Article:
Drug Prices Mostly Continue to Climb, Despite Trump's Promises

Drug Revenue

Associated Press (AP) recently analyzed and published data regarding brand-name prescription drug prices. This was largely in response to President Donald Trump’s promises during the presidential campaign and in a May policy announcement that he would drive down drug prices. In fact, at the end of May, Trump promised pharma companies would be announcing “massive” voluntary drug prices within two weeks.

The AP notes that drug price increases “slowed somewhat and were not quite as steep as in past years.” But overall, there has been no “massive” drug price cuts.

The AP indicates that in the last seven months of the year, that for every price cut, there were 96 price hikes. Alex Azar, Secretary of Department of Health and Human Services, told AP, “I am not counting on the altruism of pharma companies lowering their prices.”

AP also noted that Azar was a senior executive at Eli Lilly and Company when it “dramatically raised prices for its insulin products.”

AP analyzed 26,176 U.S. list prices for brand-name prescription drugs from January 1 through July 31 from 2015 through 2018. It used data from analytics company Elsevier. It focused on the first seven months of each year because price changes are seasonal. The data analyzed include more than 97 percent of price changes over those periods, including varying dosages and forms, including pills, liquids and injectable drugs.

In July of this year, several drug companies announced lowering drug prices. Merck & Co. announced it was lowering some drug prices partly in response to President Trump’s attack on Pfizer. At least two other companies, Roche and Sanofi, decided to get ahead of the curve and announced they would not raise their drug prices in the U.S. this year.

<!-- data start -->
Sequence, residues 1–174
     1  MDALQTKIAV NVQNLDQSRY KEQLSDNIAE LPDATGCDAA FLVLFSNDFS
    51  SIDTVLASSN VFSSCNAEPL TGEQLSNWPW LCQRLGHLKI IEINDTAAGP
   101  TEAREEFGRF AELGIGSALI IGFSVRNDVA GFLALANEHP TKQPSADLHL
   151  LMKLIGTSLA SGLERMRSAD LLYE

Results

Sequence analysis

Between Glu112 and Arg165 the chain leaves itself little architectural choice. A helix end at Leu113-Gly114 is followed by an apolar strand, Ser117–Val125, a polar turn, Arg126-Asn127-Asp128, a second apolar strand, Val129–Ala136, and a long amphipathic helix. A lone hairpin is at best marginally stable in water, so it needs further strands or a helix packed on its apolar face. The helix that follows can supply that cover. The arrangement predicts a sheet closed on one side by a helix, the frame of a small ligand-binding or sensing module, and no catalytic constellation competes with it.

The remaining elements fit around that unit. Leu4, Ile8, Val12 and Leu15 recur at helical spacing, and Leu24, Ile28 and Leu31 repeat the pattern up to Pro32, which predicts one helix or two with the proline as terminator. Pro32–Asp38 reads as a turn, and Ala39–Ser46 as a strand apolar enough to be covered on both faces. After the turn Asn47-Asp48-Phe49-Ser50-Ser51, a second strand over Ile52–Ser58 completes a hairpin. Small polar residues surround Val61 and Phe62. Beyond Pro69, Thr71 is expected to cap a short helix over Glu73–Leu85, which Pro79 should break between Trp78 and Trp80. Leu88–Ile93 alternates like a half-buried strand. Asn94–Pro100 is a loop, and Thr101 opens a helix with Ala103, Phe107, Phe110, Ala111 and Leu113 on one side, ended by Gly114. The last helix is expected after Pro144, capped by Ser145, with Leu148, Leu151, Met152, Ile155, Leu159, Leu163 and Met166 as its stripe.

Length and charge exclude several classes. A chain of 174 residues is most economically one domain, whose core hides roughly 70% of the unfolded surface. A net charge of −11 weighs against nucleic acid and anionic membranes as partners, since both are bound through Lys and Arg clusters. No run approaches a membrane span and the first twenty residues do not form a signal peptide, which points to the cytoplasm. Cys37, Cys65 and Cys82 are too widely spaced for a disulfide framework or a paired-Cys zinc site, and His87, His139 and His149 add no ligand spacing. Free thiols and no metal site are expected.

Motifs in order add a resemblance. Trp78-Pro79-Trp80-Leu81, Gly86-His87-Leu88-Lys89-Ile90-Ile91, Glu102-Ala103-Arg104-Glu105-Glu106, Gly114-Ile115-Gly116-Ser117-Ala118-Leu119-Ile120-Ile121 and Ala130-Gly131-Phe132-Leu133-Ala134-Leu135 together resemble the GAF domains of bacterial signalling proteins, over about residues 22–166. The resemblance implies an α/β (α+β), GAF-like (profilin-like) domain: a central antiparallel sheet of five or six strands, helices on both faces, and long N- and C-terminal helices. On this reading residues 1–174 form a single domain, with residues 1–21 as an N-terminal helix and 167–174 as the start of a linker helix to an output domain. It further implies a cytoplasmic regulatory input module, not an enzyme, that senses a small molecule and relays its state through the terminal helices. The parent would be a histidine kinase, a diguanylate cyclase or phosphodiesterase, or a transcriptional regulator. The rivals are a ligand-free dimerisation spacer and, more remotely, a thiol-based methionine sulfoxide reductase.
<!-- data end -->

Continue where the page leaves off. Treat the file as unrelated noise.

The Pfizer issue occurred in early July. Pfizer announced it would increase the price of 40 prescription drugs. Trump singled out the company while attending a European summit with NATO allies, tweeting, “Pfizer & others should be ashamed that they have raised drug prices for no reason. They are merely taking advantage of the poor & others unable to defend themselves, while at the same time giving bargain basement prices to other countries in Europe & elsewhere. We will respond!”

In a statement, Pfizer said it was walking back the decision in order to “give the president an opportunity to work on his blueprint to strengthen the healthcare system and provide more access to patients.” It went on to say that it would hold off on its price hikes until the end of the year or whenever Trump’s pricing blueprint went into effect, whichever came first.

Around the same time, Celgene raised the price of two of its drugs, Revlimid and Pomalyst by 5 percent. And about the week before, Sanofi increased prices for its eczema drug Dupixent by 3 percent. In fact, Bloomberg reported on July 12 that in the first 10 days of July, 10 biopharma companies increased the prices of 20 brand-name drugs. Most of the increases, per data from Rx Savings Solutions and Bloomberg Intelligence, were less than 10 percent, although Aytu BioScience’s Zolpimist was increased more than 700 percent.